MANICULE.

Reading Leah Price’s LRB review of William Sherman’s Used Books: Marking Readers in Renaissance England, I hit this sentence: “Sherman puts the digits back in the digital age, arguing that its verbal and visual metaphors derive from the long tradition of hands that mark books and the manicules marked in them.” Manicules? It wasn’t in the dictionaries, even in the OED (where the letter M was recently revised), so I googled, and discovered this enlightening essay by the very same William Sherman, in which he explains that “the textual hand-with-pointing-finger symbol” has (very oddly) never had an agreed-on name: the book trade has variously used “fist,” “hand,” “index cut,” “director”…

I have now found 15 other names for what I prefer to follow the manuscript specialists in calling the manicule: hand, pointing hand, hand director, pointer, digit, fist, mutton fist, bishop’s fist, index, indicationum, indicator, indicule, maniple, and pilcrow. The last three terms are outright mistakes: indicule and maniple are mishearings, misrememberings, or conflations of similar words. … Pilcrow, finally, properly designates the backwards p symbol used to mark new paragraphs (¶—many of us still use the symbol in editing texts but, again, few of us could recognize or recall the technical term for it). But the rest of the names have all been ‘correct’ at some point in the history of texts, and most of them can still be found in recent literature. The only way a single name could be established is if librarians can agree upon a standardized terminology for marks like this one and then achieve universal dissemination among their staff and readers…
For my part, I have settled on “manicule” because it seems like the most general and most neutral description of the symbol: it derives from the Latin manicula, simply meaning “little hand,” and that really captures what it is without getting into the messy business of what it does. Another thing that “manicule” has going for it is that it applies equally to little hands in all kinds of texts, and to those produced by readers as well as for them, whereas “fist” has its origins in printers’ slang and should properly be restricted to the products of the printing press. The biggest problem with “manicule”—aside from the fact that people will keep mixing it up with manciples, manacles, and manicures—is that it is not (yet) an English word. It is apparently the standard term for the symbol in modern romance languages and it is belatedly being imported into English, but it’s not yet in the OED or any other dictionary of current usage, and my spell-checker certainly doesn’t like it.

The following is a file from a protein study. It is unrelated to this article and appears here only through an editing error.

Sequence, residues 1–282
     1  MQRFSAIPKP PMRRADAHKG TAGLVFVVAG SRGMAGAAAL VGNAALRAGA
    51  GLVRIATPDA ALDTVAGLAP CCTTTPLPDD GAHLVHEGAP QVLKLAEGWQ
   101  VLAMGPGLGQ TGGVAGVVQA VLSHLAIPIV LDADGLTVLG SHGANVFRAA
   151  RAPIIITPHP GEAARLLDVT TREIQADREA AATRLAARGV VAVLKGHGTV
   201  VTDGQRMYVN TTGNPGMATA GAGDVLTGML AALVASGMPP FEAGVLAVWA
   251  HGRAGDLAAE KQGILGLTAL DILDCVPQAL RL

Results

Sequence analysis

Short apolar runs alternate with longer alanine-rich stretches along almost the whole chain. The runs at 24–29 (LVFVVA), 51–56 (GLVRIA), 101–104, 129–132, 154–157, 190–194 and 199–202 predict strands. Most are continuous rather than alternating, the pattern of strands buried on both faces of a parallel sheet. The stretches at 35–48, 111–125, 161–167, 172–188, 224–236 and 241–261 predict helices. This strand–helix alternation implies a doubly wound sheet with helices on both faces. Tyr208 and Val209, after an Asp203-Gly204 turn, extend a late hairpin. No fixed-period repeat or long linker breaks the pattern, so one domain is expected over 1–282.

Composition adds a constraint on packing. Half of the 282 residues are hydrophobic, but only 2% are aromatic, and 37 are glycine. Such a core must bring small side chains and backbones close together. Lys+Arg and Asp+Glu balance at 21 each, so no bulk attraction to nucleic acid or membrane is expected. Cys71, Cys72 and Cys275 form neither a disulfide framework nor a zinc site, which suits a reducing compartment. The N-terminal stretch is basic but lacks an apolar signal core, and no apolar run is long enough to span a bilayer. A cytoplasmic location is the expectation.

I agree with him that it would be very useful to have a single, unambiguous term for the thing (you can see a few samples here), and I hereby urge everyone to start calling it “manicule” and lobby the OED to include it. (Aside from terminological issues, by the way, Sherman’s essay is very interesting on the symbol’s history and uses.)
Update. Here‘s a nice set of images—thanks, Nathan!

Comments

  1. What? Am I hearing Hat urge the imposition of a usage by fiat? Lay me down, brothers, I have lived too long!

  2. This would be an excellent name for the mouse pointer customarily used to indicate a hyperlink in web browsers. It is commonly referred to by several different terms but “manicule” fits perfectly.

  3. I will never forget the name of the symbol ¶, because i’ve got a rather large one tattooed on my forearm. And as arbitrarily selected terms of art go, ‘manicule’ is good. But Hat, my hatred of standards and monoculture will impel me to use ‘manicule’ only in equal proportion with the equally delightful ‘indicule’, ‘indicationem’, and above all, ‘mutton fist’.

  4. I tell my students it’s a “cursor” and I have them memorize the word along with nine other words like “click” and “mouse” (which they insist on calling a ratón). If you name the pointy finger thingy, then don’t you have to name the hourglass wait thingy and the arrow at an angle thingy and the open hand that curls its fingers to pull the page thingy too?

  5. Can’t we have a slightly more naturalised version, something like ‘mancle’? I can’t imagine it would be confused with ‘manacle’, from a roughly similar derivation.